When seeking admission to the State Bar of California, an applicant must meet the criteria for moral character.
The qualities considered for a good moral character determination include honesty, candor, fairness, trustworthiness, obedience to the law, respect for the judicial process and respect for the rights of others. To decide the moral character of a candidate, the Bar examines instances of past misconduct.
An applicant with a history of criminal acts can receive a positive moral character decision if he or she is able to show rehabilitation. For serious crimes, the candidate must demonstrate exemplary behavior sustained over a long period of time before the State Bar will grant admission.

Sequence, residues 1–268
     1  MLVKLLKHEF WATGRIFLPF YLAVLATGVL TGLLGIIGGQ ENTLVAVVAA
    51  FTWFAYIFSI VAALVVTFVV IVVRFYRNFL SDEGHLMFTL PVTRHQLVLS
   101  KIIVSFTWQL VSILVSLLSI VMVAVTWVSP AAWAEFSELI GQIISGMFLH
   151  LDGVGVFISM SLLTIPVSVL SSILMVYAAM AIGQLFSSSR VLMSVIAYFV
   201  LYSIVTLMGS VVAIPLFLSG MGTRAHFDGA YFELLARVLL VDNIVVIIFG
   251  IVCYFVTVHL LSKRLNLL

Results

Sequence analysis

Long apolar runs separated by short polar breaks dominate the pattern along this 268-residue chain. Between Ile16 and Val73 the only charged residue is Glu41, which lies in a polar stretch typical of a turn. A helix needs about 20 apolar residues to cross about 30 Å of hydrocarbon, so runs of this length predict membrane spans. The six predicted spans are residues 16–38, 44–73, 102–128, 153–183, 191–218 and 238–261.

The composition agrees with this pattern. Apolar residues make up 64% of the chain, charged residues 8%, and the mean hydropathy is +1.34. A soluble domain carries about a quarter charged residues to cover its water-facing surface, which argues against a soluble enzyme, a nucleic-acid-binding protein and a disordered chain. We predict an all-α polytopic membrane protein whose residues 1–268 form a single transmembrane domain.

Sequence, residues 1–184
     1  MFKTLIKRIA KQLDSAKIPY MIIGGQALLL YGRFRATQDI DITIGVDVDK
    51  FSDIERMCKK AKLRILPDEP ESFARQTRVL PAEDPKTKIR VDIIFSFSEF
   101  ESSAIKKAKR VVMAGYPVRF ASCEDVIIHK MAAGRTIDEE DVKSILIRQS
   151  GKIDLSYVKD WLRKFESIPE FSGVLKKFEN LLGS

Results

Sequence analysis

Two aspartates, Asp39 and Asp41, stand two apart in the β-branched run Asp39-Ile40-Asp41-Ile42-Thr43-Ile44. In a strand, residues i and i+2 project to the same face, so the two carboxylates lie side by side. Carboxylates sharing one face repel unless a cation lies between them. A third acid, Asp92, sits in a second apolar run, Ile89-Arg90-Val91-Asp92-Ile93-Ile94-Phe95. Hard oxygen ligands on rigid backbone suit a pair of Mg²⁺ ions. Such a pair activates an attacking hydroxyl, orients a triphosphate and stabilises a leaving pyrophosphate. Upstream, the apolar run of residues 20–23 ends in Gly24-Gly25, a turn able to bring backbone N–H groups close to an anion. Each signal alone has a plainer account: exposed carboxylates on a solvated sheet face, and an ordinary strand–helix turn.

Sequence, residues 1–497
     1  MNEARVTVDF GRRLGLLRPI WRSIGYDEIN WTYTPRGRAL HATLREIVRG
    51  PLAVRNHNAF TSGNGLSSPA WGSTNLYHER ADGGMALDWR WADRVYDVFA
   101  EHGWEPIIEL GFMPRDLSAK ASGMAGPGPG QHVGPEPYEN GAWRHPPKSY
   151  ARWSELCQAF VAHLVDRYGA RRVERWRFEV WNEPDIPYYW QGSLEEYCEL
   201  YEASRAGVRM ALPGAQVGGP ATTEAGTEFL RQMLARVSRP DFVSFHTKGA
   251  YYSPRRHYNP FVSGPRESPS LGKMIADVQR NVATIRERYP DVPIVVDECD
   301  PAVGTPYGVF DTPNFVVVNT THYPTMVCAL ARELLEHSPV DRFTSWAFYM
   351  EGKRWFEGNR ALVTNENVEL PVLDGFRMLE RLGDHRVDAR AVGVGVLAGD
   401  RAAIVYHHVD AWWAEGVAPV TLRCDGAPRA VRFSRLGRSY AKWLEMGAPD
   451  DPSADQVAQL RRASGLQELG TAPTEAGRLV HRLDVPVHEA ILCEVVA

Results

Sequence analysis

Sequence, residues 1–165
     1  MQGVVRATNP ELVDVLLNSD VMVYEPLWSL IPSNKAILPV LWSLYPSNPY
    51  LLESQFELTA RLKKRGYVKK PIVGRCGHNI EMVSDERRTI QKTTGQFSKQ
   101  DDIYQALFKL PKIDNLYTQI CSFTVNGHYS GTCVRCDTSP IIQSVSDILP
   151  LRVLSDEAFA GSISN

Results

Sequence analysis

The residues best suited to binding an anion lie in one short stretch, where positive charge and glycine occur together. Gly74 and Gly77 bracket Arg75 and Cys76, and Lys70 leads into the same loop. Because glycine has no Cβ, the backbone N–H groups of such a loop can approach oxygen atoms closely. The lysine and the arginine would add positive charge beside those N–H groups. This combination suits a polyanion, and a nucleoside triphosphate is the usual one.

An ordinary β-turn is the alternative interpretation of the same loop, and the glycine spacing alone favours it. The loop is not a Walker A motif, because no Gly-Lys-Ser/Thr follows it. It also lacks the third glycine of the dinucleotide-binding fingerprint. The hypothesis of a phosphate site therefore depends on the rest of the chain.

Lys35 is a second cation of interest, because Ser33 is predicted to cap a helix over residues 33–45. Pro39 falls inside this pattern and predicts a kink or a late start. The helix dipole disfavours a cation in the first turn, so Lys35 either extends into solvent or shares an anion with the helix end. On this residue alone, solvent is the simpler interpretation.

The use of drugs or alcohol alone is not a reason to assign an applicant a negative moral character determination, but it may have relevance when related to other acts of misconduct. Seeking treatment for substance abuse may serve as evidence of rehabilitation.
Substantial Unpaid Debt
Independent of other factors, having debt or filing for bankruptcy is not a singular reason for the Bar to deny admittance. However, irresponsible handling of finances or defrauding creditors may constitute moral character if the candidate does not present a showing of reform.
In moral character determinations, the applicant bears the burden of proving his or her worthiness to the Committee of Bar Examiners. To avoid denial, it is important that you disclose all requested or relevant information and provide consistent or adequate explanations to questions and inquiries from investigators.